The Time is now for Real Change at NCAA

The time has come for a complete overhaul of the NCAA and the way it investigates infractions. I know, you were hoping I would say it’s time to blow the entire organization up and start all over, but it isn’t. And if you think in terms of the big picture, hopefully that day will never come.

Here is what I know about the NCAA: It is really good at hosting tournaments at all levels, and it is really good about making the collegiate student-athlete experience great for 99% involved. What it is not good at is investigating and enforcing penalties infractions against the 1%. I’m Catholic, which means I know nothing about math, but for the sake of this argument the 1% here are 120 member schools that belong to Division 1-A (FBS).

At the very top level the organization doesn’t appear to have the chops or the staff to enforce penalties or to even conduct fair investigations. Often the investigations take many years to complete and penalties meted out by the different Committees on Infractions (COI) aren’t consistent.

Look, I know, these people don’t have subpoena power, but investigators and the COI need to use that to their advantage. If a person is not willing to cooperate with the COI or its investigators then don’t punish them or whomever you’re investigating. Move on and give that person or school the benefit of the doubt.

DM to COI: you are not a de facto grand jury, and to think you are is as distasteful as it sounds.

This week NCAA President Mark Emmert announced there was a significant problem with the investigation involving Miami (FL) and how it was able to obtain information. The NCAA admitted that it caught itself paying Nevin Shapiro’s attorney for information. Most of the facts are not available because the NCAA is conducting an external investigation of its entire enforcement division.

The perception we have of the NCAA and how it investigates and enforces the crimes of the few is pretty bad. College presidents and industry observers have been asking for a complete overhaul of the entire system. They want to make the rule book and penalties simpler, and if this investigation and the problems that arose from it don’t hasten those changes nothing will.

Unfortunately for those who may have been wrongly persecuted or over-penalized in the past, this won’t help you. But if it reduces the chances of current or future student-athletes and coaches from paying for the sins of their predecessors, then any change is 100% better. When the COI hands out bowl bans or reduces scholarships against schools like Penn State, USC, Alabama, etc. and the primary actors have already left the schools the only people they are hurt are student-athletes.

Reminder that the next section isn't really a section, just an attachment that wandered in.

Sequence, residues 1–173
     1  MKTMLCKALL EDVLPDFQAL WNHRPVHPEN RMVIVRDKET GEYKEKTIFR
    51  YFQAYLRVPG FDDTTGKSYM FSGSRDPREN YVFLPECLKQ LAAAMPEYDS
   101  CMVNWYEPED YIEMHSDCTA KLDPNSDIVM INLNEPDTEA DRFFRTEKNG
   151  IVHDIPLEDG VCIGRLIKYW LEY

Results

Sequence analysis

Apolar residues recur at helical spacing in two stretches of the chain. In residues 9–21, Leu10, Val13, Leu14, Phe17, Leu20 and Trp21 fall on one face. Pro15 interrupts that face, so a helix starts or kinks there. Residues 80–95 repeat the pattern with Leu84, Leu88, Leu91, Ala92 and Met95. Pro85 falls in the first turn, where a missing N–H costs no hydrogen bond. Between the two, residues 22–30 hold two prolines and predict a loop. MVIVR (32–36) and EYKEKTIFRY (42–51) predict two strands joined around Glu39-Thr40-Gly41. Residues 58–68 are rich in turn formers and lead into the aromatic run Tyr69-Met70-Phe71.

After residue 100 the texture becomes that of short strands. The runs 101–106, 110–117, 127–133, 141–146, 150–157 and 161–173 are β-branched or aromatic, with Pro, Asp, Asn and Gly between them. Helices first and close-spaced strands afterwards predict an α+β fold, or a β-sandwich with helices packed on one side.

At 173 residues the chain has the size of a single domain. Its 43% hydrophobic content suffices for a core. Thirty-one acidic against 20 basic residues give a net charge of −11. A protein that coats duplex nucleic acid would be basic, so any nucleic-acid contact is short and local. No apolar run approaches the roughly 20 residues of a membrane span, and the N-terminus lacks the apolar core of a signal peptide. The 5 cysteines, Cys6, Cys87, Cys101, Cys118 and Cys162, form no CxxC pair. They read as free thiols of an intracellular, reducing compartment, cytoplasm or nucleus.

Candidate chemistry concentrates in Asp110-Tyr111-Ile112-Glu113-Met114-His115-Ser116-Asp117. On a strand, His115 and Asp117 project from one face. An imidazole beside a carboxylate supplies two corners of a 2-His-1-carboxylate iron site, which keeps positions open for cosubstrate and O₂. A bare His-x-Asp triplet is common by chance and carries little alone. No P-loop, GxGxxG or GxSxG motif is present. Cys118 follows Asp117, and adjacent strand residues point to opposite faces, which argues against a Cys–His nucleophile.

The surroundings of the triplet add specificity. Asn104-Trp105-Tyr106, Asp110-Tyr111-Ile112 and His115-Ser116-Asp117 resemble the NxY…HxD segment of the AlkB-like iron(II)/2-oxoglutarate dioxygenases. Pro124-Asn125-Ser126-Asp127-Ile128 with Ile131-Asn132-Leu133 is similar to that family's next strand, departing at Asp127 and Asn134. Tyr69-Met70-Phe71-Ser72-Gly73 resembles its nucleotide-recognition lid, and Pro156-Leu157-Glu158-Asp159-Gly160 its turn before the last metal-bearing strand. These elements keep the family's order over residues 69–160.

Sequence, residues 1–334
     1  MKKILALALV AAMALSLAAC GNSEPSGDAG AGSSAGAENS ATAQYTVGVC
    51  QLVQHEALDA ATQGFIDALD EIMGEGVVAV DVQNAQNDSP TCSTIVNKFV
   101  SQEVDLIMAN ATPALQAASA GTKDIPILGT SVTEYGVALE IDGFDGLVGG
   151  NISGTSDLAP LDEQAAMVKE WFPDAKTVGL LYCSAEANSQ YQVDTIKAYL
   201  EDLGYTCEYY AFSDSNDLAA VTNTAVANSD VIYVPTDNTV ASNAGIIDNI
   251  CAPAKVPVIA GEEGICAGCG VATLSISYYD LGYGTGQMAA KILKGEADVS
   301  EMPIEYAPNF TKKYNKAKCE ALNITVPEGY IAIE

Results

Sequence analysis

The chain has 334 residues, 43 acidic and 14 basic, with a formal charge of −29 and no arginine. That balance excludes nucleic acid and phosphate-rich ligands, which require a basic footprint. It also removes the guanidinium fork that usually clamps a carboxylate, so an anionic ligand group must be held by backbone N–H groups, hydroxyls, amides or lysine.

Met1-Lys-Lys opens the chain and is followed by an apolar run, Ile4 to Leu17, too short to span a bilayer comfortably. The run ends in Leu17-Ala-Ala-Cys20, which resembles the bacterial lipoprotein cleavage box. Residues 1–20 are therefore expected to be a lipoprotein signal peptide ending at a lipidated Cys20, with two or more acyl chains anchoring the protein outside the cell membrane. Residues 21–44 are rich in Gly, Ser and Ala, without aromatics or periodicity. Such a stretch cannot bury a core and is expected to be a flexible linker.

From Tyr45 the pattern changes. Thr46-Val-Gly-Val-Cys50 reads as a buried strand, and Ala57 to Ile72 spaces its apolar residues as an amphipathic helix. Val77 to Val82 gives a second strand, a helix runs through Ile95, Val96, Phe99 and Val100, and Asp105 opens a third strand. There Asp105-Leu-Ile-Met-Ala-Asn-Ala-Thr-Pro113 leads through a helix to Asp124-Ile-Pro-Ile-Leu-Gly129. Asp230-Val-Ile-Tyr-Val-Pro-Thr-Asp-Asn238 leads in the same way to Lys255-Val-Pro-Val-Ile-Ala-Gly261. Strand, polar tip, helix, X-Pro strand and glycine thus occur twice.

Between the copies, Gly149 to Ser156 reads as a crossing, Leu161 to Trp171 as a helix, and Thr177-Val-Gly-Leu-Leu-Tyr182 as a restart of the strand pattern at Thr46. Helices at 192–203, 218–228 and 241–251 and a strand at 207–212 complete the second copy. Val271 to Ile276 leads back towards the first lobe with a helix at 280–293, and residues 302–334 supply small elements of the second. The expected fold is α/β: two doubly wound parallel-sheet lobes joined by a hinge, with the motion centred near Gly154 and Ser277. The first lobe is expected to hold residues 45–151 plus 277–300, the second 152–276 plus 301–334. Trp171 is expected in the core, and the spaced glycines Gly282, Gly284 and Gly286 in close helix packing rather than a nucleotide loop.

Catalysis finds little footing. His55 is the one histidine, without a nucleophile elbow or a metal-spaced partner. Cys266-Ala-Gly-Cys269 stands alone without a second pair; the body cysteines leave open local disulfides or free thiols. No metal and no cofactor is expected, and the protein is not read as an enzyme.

I know, most of you think the athletes should get paid, while I argue they already are, but that isn’t the point. The point is punish those who commit the crimes, and if they are out of reach punish those who enable them to do so. If this means taking significant amounts of money from schools, do so. If this means giving scholarships to non-student-athletes, do so.

Case in point; Ohio State’s athletic program is one of the few in the country that generates a profit through its athletic program. If the NCAA had taken its profit after expenses, while leaving all scholarship and post-season opportunities intact, I promise you other schools would have paid attention. For schools that don’t generate yearly profits through its athletic department, take money from the universities, but not from tax payers or at risk of reducing non-student-athlete scholarships.

Taking money is a better penalty than taking scholarships away from teenager’s who didn’t sell rings or buy their mothers cars or houses with booster money. Don’t believe me, ask Penn State, they’d gladly hand over $60 or even $120 million dollars instead of having to deal with reduced scholarships and a long-term post-season ban.

The changes I’ve suggested aren’t likely, so what are your ideas on better NCAA penalty enforcement? !function(d,s,id){var js,fjs=d.getElementsByTagName(s)[0];if(!d.getElementById(id)){js=d.createElement(s);;js.src="//";fjs.parentNode.insertBefore(js,fjs);}}(document,"script","twitter-wjs");